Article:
My phone has been blowing up with texts since Friday afternoon when the news came out about the US Supreme Court overturning Roe, and I suspect yours has been too.
Here are some of the texts I have gotten over the last two days:
“hi thinking of you today, hope you’re hanging in there as world events implode”
“Numb, sad, angry over here. Anyone need anything?”
“Also furious and had a good cry last night”
“Sasha, have you heard the terrible news about Roe? I want to scream at the top of my lungs.”
“Our foremothers gave us Roe with their blood, sweat, and tears. They wanted it to be our birthright.”
“Hi. Hope you are ok. This is horseshit.”
Yup. This is horseshit. Two months ago when the draft of the Roe opinion by Alito was leaked, I wrote this blog post, “I’m feeling numb, how are you doing?”
Now that the actual opinion has come down, I feel more angry than numb. How about you? I think that’s how it works with feelings. We have to feel each and every one of them to get to the next one.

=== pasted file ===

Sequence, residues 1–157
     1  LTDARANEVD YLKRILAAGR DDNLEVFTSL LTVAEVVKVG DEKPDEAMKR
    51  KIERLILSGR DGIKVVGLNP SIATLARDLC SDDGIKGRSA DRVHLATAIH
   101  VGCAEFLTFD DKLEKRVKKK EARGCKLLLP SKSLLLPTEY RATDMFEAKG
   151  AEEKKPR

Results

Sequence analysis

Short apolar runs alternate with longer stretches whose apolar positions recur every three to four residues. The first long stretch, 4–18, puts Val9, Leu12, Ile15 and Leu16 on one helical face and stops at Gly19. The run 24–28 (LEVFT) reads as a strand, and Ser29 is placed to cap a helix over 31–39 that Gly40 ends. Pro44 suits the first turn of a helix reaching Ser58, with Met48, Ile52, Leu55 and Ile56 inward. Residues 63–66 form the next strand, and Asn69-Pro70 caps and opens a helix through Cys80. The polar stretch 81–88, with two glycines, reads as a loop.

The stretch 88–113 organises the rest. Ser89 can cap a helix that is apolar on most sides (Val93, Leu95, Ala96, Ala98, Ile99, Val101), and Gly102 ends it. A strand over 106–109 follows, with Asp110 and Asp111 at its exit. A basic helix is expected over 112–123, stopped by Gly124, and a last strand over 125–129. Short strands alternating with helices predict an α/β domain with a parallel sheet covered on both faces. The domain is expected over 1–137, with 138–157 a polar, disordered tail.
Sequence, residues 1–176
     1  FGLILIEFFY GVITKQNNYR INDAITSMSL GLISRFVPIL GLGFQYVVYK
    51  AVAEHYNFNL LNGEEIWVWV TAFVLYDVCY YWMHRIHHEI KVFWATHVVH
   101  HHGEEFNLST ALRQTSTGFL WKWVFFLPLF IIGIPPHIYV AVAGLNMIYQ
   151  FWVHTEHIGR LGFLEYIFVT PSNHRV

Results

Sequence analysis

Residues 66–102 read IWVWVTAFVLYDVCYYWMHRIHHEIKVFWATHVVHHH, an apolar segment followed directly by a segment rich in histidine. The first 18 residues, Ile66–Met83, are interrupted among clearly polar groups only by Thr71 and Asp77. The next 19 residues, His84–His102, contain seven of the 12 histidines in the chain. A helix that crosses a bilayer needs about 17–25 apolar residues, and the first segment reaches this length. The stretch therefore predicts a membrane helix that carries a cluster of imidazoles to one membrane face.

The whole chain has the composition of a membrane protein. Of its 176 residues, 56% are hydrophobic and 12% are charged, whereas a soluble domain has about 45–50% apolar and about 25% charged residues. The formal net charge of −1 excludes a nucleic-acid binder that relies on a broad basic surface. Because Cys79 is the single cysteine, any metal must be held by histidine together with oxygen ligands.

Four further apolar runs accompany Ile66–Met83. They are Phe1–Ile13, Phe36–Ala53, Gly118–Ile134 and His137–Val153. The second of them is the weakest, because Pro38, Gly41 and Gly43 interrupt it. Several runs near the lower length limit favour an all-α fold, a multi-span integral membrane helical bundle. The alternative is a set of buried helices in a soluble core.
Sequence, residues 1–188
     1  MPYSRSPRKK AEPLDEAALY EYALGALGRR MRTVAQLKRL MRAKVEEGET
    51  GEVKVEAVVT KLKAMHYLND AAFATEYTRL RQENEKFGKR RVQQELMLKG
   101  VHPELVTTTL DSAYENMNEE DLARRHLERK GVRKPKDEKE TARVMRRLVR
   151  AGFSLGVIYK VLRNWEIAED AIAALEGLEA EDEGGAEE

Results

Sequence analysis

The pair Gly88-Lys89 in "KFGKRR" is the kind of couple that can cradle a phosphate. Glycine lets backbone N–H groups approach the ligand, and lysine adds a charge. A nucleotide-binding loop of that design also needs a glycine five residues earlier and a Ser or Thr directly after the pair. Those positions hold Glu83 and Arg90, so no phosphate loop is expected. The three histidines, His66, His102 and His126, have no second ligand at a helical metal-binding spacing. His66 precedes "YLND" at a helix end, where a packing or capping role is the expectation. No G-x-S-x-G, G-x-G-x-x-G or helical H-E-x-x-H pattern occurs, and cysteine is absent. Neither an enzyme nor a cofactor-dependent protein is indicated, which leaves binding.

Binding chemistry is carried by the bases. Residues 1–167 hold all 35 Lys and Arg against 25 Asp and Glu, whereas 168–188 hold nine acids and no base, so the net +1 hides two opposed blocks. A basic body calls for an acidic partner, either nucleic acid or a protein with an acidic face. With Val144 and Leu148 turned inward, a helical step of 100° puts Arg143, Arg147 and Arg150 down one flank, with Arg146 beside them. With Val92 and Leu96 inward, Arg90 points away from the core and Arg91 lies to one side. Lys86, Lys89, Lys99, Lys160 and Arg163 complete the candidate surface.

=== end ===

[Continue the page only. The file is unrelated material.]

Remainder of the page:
I heard something beautiful on the radio this weekend from Jenny Slate, an actor and comedian being interviewed on NPR about her new film, “Marcel the Shell with Shoes On.” She said, “…as a creative person that, you know, it’s heartbreaking and terrifying what the Supreme Court has decided. A lot of artists say, you know, you have to create the world that you want to live in.”
We do have to create the world we want to live in, and that’s what I am going to be doing over here – inviting you all to join me in creating the world we want to live in.
I also was moved by something that Alexandria-Ocasio Cortez shared in an email from her Instagram. She was asked about hope, and the very simple, wonderfully blunt question, “Are we screwed?”
She wrote something so beautiful and true in response that I want to share it here.
“My honest view is that things are likely to get harder before they get better, and we will need to stick together.